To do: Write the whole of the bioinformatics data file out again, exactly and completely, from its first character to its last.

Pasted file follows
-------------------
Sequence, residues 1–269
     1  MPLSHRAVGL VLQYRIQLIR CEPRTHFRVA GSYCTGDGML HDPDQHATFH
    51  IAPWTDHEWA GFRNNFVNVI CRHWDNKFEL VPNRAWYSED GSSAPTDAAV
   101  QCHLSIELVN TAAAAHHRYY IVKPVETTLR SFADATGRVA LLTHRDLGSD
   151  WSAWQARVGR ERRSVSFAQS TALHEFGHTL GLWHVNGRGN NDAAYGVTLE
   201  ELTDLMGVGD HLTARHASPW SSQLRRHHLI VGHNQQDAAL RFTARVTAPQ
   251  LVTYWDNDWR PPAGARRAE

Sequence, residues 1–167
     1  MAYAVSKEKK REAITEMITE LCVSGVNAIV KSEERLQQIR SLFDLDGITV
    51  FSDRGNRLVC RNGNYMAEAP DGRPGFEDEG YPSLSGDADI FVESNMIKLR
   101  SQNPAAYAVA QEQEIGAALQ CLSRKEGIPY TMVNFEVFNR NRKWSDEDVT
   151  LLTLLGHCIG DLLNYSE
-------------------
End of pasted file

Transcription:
Sequence, residues 1–269
     1  MPLSHRAVGL VLQYRIQLIR CEPRTHFRVA GSYCTGDGML HDPDQHATFH
    51  IAPWTDHEWA GFRNNFVNVI CRHWDNKFEL VPNRAWYSED GSSAPTDAAV
   101  QCHLSIELVN TAAAAHHRYY IVKPVETTLR SFADATGRVA LLTHRDLGSD
   151  WSAWQARVGR ERRSVSFAQS TALHEFGHTL GLWHVNGRGN NDAAYGVTLE
   201  ELTDLMGVGD HLTARHASPW SSQLRRHHLI VGHNQQDAAL RFTARVTAPQ
   251  LVTYWDNDWR PPAGARRAE

Sequence, residues 1–167
     1  MAYAVSKEKK REAITEMITE LCVSGVNAIV KSEERLQQIR SLFDLDGITV
    51  FSDRGNRLVC RNGNYMAEAP DGRPGFEDEG YPSLSGDADI FVESNMIKLR
   101  SQNPAAYAVA QEQEIGAALQ CLSRKEGIPY TMVNFEVFNR NRKWSDEDVT
   151  LLTLLGHCIG DLLNYSE